Frontiers in Medicinal Chemistry

Volume 9

by

Atta-ur-Rahman , M. Iqbal Choudhary , Allen B. Reitz

DOI: 10.2174/97816810824931160901
eISBN: 978-1-68108-249-3, 2016
ISBN: 978-1-68108-250-9
ISSN: 1567-2042 (Print)
ISSN: 1875-5763 (Online)



Indexed in: Book Citation Index, Science (BKCI-S), Web of Science, BIOSIS Previews, EMBASE, Chemical Abstracts, EBSCO., Ulrich's Periodicals Directory.

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Dipeptidyl Peptidase-4 (CD26): Knowing the Function before Inhibiting the Enzyme

- Pp. 80-102 (23)

Elena Matteucci and Ottavio Giampietro

Abstract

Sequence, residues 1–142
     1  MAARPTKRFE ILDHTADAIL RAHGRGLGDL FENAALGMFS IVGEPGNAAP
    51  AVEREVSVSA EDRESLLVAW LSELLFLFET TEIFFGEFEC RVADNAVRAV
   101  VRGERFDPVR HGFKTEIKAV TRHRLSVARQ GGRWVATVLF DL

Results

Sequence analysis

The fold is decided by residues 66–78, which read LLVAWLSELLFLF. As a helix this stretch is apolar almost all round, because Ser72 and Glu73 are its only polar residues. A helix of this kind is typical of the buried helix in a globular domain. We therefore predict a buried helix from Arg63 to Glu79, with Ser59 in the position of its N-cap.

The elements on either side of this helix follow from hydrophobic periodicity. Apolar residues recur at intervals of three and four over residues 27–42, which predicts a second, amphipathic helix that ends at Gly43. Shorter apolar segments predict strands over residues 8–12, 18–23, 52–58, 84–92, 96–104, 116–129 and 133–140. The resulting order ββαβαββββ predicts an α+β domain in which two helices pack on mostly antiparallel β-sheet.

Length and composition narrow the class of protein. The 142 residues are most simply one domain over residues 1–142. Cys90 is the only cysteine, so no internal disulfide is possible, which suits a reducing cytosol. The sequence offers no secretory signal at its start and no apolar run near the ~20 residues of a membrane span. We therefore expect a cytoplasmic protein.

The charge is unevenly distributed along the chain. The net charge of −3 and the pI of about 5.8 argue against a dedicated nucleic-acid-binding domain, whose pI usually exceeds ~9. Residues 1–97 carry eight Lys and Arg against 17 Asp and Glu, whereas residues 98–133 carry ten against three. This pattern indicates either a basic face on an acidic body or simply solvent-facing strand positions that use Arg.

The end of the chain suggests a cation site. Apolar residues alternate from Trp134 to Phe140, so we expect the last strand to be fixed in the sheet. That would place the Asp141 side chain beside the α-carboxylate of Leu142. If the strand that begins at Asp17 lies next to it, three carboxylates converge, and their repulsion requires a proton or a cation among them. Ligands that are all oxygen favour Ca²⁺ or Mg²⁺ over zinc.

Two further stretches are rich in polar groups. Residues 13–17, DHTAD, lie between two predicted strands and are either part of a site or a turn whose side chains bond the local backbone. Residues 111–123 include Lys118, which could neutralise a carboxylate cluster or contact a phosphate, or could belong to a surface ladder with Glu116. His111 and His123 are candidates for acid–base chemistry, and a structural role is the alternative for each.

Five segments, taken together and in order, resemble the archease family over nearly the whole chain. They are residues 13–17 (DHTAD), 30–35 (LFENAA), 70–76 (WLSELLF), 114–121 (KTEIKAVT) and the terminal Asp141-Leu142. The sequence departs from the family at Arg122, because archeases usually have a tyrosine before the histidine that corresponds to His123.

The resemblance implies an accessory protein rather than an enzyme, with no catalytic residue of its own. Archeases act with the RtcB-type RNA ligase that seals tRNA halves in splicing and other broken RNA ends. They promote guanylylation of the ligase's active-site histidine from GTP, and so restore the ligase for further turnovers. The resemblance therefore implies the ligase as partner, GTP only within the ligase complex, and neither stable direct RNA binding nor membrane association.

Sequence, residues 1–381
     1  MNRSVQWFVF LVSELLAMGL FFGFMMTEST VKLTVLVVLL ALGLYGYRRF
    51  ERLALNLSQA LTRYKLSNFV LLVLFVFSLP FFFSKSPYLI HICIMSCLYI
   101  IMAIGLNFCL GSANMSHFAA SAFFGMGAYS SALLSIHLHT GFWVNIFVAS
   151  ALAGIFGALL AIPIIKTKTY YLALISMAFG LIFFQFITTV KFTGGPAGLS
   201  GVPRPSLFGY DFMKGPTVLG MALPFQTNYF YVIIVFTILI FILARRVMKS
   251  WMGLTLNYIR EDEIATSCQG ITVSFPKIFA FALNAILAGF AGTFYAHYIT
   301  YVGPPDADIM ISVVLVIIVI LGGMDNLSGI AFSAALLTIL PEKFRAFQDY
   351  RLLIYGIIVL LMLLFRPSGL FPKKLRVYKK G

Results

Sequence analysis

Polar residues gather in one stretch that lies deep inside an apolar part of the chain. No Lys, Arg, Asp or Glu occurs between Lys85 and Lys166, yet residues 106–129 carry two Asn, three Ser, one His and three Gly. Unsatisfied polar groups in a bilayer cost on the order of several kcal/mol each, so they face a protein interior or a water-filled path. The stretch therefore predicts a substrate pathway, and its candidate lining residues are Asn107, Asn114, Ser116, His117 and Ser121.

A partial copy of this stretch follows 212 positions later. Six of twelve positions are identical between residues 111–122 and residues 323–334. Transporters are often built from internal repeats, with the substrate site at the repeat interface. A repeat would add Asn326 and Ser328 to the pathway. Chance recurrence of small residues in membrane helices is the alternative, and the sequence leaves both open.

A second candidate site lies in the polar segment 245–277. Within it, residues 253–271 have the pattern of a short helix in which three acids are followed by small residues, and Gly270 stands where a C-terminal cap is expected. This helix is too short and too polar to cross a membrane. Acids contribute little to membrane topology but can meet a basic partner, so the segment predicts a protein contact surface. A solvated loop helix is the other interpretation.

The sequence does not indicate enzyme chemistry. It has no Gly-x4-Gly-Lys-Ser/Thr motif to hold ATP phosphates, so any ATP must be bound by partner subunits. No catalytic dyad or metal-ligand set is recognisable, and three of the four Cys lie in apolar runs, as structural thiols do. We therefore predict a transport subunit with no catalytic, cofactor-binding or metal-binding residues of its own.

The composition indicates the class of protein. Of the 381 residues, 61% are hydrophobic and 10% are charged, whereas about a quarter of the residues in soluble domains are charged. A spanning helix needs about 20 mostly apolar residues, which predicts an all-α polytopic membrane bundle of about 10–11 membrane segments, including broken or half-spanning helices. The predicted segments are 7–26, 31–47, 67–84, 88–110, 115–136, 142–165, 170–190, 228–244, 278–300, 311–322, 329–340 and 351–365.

Dipeptidyl peptidase-4 (DPP4) or adenosine deaminase complexing protein 2 (ADCP 2) or T-cell activation antigen CD26 (EC 3.4.14.5.) is a serine exopeptidase belonging to the S9B protein family that cleaves X-proline dipeptides from the N-terminus of polypeptides, such as chemokines, neuropeptides, and peptide hormones. The enzyme is a type II transmembrane glycoprotein, expressed on the surface of many cell types, whose physiological functions have begun to emerge in recent years. Protein dimerisation is required for catalytic activity and glycosylation of the enzyme could impact on its physiological functions. The dimeric glycoprotein ADCP has been found linked to adenosine deaminase (ADA) whose relationship with lymphocyte maturationdifferentiation is well established. </p><p> Since implicated in the regulation of the biological activity of hormones and chemokines, such as glucagon-like peptide-1 and glucose-dependent insulinotropic polypeptide, DPP4 inhibition offered a new potential therapeutic approach for type 2 diabetes mellitus as monotherapy and adjunct therapy to other oral agents. The clinical use of orally active inhibitors of DPP4 has been initially associated with side effects that have been in part attributed to the inhibition of related serine proteases, such as DPP8 and DPP9. Moreover, CD26 has a key role in immune regulation as a T cell activation molecule and in immune-mediated disorder; all-cause infections were found increased after sitagliptin treatment. So far, systematic reviews and meta-analysis on the efficacy and safety in human type 2 diabetes of orally active DPP4 inhibitors were published, but some questions remain open. Long-term evaluation of the risk-benefit ratio in controlled trials is still required, possibly through the use of multiple risk-benefit approaches across different indications and treatment populations. The review summarises present knowledge in the field and suggests some potential directions of future research.

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